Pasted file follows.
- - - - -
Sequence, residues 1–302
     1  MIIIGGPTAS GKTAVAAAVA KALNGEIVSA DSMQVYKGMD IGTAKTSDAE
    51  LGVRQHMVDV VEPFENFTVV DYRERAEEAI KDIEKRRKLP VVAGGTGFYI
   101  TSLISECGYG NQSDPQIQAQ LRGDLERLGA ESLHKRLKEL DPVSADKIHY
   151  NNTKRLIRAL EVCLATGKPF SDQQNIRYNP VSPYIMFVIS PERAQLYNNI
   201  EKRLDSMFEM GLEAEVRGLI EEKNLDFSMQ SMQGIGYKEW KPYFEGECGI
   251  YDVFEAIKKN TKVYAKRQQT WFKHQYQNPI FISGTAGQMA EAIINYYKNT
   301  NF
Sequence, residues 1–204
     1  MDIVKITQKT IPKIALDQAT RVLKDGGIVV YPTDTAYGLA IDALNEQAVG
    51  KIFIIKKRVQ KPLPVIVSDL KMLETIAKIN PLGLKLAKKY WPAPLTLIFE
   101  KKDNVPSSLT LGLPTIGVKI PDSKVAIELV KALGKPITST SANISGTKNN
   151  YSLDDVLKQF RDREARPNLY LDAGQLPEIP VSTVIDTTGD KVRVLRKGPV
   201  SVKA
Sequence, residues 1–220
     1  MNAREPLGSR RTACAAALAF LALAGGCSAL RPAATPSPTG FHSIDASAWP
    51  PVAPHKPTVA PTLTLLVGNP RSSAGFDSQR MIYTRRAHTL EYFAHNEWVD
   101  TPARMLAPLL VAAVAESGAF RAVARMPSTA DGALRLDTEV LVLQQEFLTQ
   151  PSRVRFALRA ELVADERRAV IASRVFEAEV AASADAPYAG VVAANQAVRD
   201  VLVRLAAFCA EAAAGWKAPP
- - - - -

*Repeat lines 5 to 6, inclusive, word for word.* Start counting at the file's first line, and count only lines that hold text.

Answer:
   151  NNTKRLIRAL EVCLATGKPF SDQQNIRYNP VSPYIMFVIS PERAQLYNNI
   201  EKRLDSMFEM GLEAEVRGLI EEKNLDFSMQ SMQGIGYKEW KPYFEGECGI